Fake Poker Chips Scandal Sends Christian Lusardi Man to Prison

Christian Lusardi sentenced five years.

Christian Lusardi, a 43-year old poker cheater from New Jersey, was sentenced to five years in prison for using fake poker chips in a Borgata tournament. (Image: Poker News)

 Getting caught using fake poker chips in a real casino can cost someone many years of freedom.

Just ask 43-year old Christian Lusardi of North Carolina.

Lusardi was sentenced to five years in New Jersey prison on Thursday, two months after pleading guilty to second-degree trademark counterfeiting.

Prior to his most recent conviction, Lusardi was sentenced to five years in prison and ordered to pay $1,137,864.01 in restitution for Copyright Infringement and Trafficking in Counterfeit Labels.

For his current scandal, Lusardi admitted to using counterfeit chips in a poker tournament at Borgata Hotel Casino & Spa in Atlantic City in 2014.

After discovering the police were onto him, he flushed additional counterfeit chips down the toilet in his hotel room at .

Lusardi taught home owners a valuable lesson that flushing poker chips down a toilet may cause serious damage to plumbing. He was ordered to pay Harrah’s $9,455 for repairs.

That money is merely a drop in the bucket compared to the $463,540 he must ship the Borgata for restitutions.

Poker Tournament Ruined

During the 2014 Borgata Winter Open Big Stack, play was suspended three days into a tournament that was set to last three weeks after a plethora of counterfeit chips were discovered in play.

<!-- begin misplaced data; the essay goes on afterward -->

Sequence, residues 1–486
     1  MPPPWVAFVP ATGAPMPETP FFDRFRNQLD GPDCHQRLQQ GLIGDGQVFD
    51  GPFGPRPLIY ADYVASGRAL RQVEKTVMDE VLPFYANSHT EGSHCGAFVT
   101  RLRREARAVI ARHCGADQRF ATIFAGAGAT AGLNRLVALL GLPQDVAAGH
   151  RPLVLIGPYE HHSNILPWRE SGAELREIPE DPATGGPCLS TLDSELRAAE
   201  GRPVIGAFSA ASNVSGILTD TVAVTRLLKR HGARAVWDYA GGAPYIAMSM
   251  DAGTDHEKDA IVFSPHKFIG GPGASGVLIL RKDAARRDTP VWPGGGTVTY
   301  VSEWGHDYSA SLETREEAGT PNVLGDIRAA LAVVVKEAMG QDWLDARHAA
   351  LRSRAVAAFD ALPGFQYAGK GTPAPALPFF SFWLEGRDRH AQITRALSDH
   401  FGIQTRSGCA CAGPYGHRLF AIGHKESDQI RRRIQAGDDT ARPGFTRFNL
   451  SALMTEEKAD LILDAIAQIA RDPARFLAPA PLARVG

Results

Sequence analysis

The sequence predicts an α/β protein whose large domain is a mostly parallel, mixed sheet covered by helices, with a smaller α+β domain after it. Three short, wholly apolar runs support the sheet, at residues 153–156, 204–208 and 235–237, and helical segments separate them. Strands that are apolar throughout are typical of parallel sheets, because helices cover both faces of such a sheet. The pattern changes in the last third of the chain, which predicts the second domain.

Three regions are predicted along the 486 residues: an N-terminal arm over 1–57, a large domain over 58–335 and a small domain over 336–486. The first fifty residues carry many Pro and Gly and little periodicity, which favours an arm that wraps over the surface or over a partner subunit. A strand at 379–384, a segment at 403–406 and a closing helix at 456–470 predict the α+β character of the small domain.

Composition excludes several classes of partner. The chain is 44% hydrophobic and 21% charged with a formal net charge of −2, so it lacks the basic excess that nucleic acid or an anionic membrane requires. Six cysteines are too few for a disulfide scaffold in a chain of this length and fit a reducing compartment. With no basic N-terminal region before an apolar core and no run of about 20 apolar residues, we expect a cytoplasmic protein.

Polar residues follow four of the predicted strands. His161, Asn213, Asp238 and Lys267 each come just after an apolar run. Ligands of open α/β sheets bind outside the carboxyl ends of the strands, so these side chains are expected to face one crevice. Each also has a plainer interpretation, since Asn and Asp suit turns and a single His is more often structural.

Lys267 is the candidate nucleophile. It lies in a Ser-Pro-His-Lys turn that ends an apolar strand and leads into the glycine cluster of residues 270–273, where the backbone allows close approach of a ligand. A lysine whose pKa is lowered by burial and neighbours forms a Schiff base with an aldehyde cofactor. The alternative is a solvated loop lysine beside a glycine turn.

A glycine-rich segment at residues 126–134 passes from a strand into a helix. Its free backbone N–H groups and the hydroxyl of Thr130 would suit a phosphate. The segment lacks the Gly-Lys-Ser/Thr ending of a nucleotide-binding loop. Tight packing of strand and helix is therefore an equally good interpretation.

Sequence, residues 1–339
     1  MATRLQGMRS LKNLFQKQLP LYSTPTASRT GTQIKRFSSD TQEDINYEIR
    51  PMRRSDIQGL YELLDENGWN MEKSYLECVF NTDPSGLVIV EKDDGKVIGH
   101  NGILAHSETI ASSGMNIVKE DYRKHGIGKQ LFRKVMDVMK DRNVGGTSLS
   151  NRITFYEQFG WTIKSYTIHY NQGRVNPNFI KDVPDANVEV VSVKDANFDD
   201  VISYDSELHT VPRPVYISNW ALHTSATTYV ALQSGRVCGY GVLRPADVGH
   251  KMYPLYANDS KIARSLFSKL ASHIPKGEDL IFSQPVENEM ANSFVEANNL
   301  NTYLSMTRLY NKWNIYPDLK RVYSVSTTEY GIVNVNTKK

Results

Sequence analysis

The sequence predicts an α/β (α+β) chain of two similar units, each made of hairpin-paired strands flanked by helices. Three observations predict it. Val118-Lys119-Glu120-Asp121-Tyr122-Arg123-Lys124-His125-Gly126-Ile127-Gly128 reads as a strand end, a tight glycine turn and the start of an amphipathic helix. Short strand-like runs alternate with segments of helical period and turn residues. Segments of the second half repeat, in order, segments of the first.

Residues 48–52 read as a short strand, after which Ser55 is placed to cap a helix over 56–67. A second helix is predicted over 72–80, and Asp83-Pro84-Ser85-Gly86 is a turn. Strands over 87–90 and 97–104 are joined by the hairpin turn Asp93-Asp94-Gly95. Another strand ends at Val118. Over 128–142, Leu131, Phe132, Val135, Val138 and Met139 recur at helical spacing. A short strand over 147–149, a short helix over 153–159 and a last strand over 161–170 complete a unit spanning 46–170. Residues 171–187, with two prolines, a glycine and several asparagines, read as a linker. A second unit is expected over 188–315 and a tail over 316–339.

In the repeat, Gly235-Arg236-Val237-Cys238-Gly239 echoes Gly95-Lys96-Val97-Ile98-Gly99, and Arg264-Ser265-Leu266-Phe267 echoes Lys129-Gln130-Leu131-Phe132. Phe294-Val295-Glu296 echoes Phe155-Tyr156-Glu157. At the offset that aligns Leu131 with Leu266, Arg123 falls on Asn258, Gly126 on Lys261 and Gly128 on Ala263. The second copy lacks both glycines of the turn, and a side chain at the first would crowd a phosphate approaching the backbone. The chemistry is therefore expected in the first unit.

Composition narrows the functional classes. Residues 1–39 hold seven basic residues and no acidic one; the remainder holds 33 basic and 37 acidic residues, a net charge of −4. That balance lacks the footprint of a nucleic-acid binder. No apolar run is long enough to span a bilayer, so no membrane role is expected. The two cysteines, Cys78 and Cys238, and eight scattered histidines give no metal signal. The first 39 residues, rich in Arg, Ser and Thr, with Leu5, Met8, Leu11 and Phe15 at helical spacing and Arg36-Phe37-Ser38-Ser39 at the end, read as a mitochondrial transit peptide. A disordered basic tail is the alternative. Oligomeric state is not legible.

With $1.5 million in prize money yet to be awarded to the remaining 27 players, the Borgata found over $800,000 in non-cash value counterfeit tournament chips had been used during the tournament.

The New Jersey Division of Gaming Enforcement reviewed the situation and determined the proper course of action was to cancel the tournament and return entrance fees to all players. Lusardi busted from the tournament on Day Two, but won $6,814.

After investigation, it was determined Lusardi was the culprit.

He bought standard poker chips from a Chinese manufacturer, then stamped a counterfeit Borgata logo on each chip. Investigators found more than $3.6 million in counterfeit chips in his hotel room.

Preventing Cheating in Poker

Scandals such as these can be harmful to the long-term success of the game. Numerous cheating scandals, online or in live casinos, may scare off potential new players.

This isn’t the only damaging poker-related scandal in recent years. This past summer, the World Series of Poker investigated possible cheating during a $10,000 No-Limit Hold’em Heads-Up event. No charges were ever filed and no wrongdoing was found, however.

Poker pro Brian Hastings found himself in hot water in recent months for allegedly playing in a tournament on PokerStars using a friend’s account. Hastings has never publicly admitted to nor denied the allegations.

Of course, this isn’t the first time Hastings has been accused of cheating. In 2009, he won approximately $4 million from Victor Blom, otherwise known online as “Isildur1” on Full Tilt Poker.

Hastings allegedly colluded with fellow pros Brian Townsend and Cole South to gain an unfair advantage over Blom.

There has been many other scandals throughout the poker world in recent years. They are all bad for the game. Now that Christian Lusardi is locked up, at least one detriment to the game has been eliminated.

Jon Sofen
Written by
Jon Sofen
Semi-pro poker player with 17 years experience on the felt and more than five years working as professional poker media.

Comments

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